As I reflect on my faith journey, I see a beautiful mosaic. The beauty of the Artist's design is evident. Yet, if I zoom in and investigate piece by piece, I tend to notice my mess, my screwups, and my ugly failures.

"I never imagined my life would turn out like this." Depending on your perspective this could be a statement of excitement and joy or pain and loss. Life is unpredictable. Life is full of choices. Life is dynamic.

Life is a dance between two lovers. We don't live according to a static plan but an ever-evolving and creative partnership.

My faith journey is like a beautiful mosaic where the Artist's design is evident

Why life is scary

What guarantee do we actually have? Basically, none. We hope. We trust. We live in the tension of possiblities—the in-between. We face the present and glance at the future. We tend to freak out, stress out, and sometimes even give up.

Truth is, God is creating mosaics. We don't always see this big picture. We just need to trust the Artist. We relinquish control and simply BE His craftsmanship, His poiema.

For we are his workmanship [Grk– poiema], created in Christ Jesus for good works, which God prepared beforehand, that we should walk in them. (Eph 2:10)
We hope. We trust. We live in the tension of possiblities—the in-between

The freedom of a mosaic

I'm encouraged when I study the apostle Paul's life. He didn't speak about freedom, he demonstrated it.

As Paul wraps up his first letter to the Corinthian church, he shares his plan to visit them during his travels through Macedonia (1 Cor 16:5-9). I love how the ESV translates Paul's words. He uses terms such as—I will... I intend... perhaps....

This is freedom. Paul follows the leadership of the Holy Spirit not by physical or logical sight but by faith with spiritual discernment. He feels no pressure to perform for God or for people.

Paul's life is a mosaic of personal freedom under the lordship of Christ!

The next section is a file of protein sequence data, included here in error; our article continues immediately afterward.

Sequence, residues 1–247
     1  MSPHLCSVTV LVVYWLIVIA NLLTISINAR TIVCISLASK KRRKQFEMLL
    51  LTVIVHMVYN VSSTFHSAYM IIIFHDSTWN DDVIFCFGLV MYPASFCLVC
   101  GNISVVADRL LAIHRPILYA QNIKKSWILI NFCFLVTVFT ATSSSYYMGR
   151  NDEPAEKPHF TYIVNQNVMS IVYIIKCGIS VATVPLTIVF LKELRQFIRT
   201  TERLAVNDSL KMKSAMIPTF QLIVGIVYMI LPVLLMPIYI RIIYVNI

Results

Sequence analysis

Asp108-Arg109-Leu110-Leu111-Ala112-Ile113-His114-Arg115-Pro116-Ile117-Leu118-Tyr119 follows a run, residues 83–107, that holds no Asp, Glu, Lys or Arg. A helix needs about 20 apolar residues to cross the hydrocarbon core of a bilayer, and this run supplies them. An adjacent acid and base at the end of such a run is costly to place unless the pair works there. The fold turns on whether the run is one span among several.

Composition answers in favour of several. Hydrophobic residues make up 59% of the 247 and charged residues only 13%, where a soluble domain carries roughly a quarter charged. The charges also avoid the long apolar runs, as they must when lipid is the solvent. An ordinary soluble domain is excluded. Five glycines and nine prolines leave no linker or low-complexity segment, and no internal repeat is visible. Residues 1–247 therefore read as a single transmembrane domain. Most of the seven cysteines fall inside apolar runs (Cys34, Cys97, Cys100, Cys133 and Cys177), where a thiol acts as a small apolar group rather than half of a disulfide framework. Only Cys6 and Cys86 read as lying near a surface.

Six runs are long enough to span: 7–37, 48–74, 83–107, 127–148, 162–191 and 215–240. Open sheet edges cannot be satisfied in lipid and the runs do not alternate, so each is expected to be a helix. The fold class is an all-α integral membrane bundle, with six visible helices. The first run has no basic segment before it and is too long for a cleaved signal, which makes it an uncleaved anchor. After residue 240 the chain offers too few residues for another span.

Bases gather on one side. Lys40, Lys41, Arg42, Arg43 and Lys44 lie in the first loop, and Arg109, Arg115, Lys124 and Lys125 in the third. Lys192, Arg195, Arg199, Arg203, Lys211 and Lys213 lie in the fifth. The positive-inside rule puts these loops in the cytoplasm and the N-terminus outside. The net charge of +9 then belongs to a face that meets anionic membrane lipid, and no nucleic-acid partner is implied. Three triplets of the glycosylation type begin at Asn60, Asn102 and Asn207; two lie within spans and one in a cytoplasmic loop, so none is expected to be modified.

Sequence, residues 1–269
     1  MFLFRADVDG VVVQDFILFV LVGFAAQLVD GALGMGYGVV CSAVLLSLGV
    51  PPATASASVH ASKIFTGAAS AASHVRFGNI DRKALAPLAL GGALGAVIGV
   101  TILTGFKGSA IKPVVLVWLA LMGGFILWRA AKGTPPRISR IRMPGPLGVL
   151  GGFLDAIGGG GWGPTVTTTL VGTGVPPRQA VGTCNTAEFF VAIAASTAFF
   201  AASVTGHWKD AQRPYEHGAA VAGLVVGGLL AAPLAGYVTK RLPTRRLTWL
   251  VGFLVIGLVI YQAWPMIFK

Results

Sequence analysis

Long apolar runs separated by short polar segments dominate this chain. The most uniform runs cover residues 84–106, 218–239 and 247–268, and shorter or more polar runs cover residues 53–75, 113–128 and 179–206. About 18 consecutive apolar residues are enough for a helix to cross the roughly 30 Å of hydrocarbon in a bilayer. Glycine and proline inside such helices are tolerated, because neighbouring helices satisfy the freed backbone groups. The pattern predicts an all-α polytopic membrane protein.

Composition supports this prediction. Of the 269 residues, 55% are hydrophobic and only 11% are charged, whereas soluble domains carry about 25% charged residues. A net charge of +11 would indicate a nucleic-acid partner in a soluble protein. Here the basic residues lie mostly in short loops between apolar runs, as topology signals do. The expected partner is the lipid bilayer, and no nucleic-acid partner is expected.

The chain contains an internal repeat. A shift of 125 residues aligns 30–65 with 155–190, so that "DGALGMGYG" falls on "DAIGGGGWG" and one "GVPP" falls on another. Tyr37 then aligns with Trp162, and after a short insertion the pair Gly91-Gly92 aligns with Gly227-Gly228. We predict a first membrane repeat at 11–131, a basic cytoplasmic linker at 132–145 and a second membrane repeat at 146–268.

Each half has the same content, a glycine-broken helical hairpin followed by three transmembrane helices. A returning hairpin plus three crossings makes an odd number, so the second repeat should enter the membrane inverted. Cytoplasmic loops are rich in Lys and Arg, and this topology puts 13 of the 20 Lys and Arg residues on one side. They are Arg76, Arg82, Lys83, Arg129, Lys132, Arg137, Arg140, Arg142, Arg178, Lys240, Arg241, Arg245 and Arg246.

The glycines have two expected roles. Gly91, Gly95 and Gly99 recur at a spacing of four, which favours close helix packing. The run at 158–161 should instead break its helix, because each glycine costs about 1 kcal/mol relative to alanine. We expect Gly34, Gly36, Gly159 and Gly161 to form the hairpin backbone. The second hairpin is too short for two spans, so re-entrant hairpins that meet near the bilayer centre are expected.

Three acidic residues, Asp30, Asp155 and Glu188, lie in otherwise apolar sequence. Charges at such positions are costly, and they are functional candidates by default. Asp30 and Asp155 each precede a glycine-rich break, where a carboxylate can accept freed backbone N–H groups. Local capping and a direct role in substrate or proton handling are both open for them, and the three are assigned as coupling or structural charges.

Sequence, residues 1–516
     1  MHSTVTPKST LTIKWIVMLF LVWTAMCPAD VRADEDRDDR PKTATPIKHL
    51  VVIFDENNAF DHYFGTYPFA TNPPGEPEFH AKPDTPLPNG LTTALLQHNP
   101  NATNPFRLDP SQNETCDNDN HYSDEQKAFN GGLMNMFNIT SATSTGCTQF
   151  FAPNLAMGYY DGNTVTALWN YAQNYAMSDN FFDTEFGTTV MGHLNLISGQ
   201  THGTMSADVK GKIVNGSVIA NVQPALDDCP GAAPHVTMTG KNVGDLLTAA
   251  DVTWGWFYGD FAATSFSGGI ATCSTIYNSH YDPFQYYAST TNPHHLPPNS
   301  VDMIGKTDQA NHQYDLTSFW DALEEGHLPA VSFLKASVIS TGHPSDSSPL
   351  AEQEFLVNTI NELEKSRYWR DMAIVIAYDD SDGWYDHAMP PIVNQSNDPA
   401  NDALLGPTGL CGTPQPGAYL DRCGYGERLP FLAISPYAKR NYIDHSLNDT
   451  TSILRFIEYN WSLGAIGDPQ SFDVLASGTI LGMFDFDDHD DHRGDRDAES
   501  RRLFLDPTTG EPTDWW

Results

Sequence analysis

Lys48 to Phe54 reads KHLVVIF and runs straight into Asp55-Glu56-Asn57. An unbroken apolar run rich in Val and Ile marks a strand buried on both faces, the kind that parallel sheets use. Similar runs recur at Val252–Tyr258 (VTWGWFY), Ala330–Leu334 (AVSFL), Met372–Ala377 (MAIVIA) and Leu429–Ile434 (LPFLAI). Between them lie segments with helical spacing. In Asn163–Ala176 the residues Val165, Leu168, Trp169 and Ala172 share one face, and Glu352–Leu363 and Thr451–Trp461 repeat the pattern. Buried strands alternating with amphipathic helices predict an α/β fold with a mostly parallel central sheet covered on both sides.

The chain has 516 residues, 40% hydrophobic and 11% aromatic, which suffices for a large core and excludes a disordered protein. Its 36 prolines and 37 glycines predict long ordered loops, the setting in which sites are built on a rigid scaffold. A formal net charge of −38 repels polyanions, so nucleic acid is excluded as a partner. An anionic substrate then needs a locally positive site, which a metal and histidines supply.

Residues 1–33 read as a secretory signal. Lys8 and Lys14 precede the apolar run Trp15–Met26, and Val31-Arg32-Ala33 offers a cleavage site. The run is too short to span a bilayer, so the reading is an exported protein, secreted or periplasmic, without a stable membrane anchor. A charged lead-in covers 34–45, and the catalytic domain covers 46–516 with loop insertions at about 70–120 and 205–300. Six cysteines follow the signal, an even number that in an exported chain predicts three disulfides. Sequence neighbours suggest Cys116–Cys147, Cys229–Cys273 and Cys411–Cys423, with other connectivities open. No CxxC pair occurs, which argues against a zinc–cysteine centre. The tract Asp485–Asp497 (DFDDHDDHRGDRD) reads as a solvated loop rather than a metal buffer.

Embracing the journey

Following God's Spirit is only possible when we embrace the journey of God's creative plan. The beginning of 2nd Corinthians reveals this (2 Cor 1:15-24). Paul's plan wasn't static but dynamic.

Sometimes the leading of the Holy Spirit changes direction—our direction. That is okay. It's normal when walking by faith.

Afraid of wandering

We are afraid of wandering. Why? Because it seems pointless. A sense of wandering makes us feel unsuccessful or not good enough. This kind of thinking stems from our lack of trust in Jesus.

His way isn't pointless even when it appears like we're walking in circles.

For those of us with a western worldview, we expect to see the Holy Spirit lead in a linear way. We desire an outline of our life as if it's all planned out.

If we aren't on the paved, tidy, no-mistake, straight and narrow, we tend to think we are wanderers with no destination.

God's way isn't pointless even when it appears like we're walking in circles

Seek life rather than direction

Many times we seek direction for our life when we should seek Life itself—Jesus (John 14:6). The Artist is busy crafting His mosaic—our life. He knows the final outcome. 

He takes our offering and arranges it. Even when we bring the ugly pieces of our fear, our brokenness, our disobedience. We can trust God to work all things according to our true good in every area of our life.

The Artist is busy crafting His mosaic—our life—He knows the final outcome

The divine dance

If the Spirit wants to pause and sit with us then so be it. Let's enjoy His presence over any destination.

If you can't imagine what your life will be next year that's okay. The present is where you are at and the future is what you get to create in relationship with God.

Life is a divine dance, so dance with the Lover of the universe. Let Him lead.

Step back and admire God's mosaic and submit to the Craftsman's creative work in your life. What is your role? Simply trust and submit to His leading.

Admire God's mosaic and submit to the Craftsman's creative work in your life

This is a guest post by my friend Sergei Kutrovski. You can find more about him here—My Trending Stories/Sergei Kutrovski

A Journey of Faith

Quoting a truth is easier than living it out in real life. Putting truth on a plaque or poster is nice, but it doesn't change a person's life.

Memorization of Scripture is good for retention, but it won't produce transformation in a person's life on its own. What we know in our minds doesn't automatically bring change in our hearts or our self-will.

Truth doesn't bring transformation until it's transferred from thought into action, which requires an active, personal faith.